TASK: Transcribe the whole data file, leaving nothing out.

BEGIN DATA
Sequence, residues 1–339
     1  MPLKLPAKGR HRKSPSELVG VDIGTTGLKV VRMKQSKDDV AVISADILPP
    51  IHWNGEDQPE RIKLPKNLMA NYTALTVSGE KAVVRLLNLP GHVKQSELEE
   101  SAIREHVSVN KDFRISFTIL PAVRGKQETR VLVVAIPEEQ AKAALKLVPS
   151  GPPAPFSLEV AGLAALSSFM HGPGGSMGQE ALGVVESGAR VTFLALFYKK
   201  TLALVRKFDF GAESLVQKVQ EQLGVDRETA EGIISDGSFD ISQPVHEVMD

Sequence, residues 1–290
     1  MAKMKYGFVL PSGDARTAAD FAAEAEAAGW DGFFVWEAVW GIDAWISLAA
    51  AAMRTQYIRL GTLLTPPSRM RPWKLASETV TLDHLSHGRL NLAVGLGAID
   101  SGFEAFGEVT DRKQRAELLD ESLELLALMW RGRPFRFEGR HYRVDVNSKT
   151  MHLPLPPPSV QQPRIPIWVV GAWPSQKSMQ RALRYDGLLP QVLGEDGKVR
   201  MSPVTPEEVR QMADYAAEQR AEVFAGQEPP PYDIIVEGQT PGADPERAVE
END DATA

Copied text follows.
Sequence, residues 1–339
     1  MPLKLPAKGR HRKSPSELVG VDIGTTGLKV VRMKQSKDDV AVISADILPP
    51  IHWNGEDQPE RIKLPKNLMA NYTALTVSGE KAVVRLLNLP GHVKQSELEE
   101  SAIREHVSVN KDFRISFTIL PAVRGKQETR VLVVAIPEEQ AKAALKLVPS
   151  GPPAPFSLEV AGLAALSSFM HGPGGSMGQE ALGVVESGAR VTFLALFYKK
   201  TLALVRKFDF GAESLVQKVQ EQLGVDRETA EGIISDGSFD ISQPVHEVMD

Sequence, residues 1–290
     1  MAKMKYGFVL PSGDARTAAD FAAEAEAAGW DGFFVWEAVW GIDAWISLAA
    51  AAMRTQYIRL GTLLTPPSRM RPWKLASETV TLDHLSHGRL NLAVGLGAID
   101  SGFEAFGEVT DRKQRAELLD ESLELLALMW RGRPFRFEGR HYRVDVNSKT
   151  MHLPLPPPSV QQPRIPIWVV GAWPSQKSMQ RALRYDGLLP QVLGEDGKVR
   201  MSPVTPEEVR QMADYAAEQR AEVFAGQEPP PYDIIVEGQT PGADPERAVE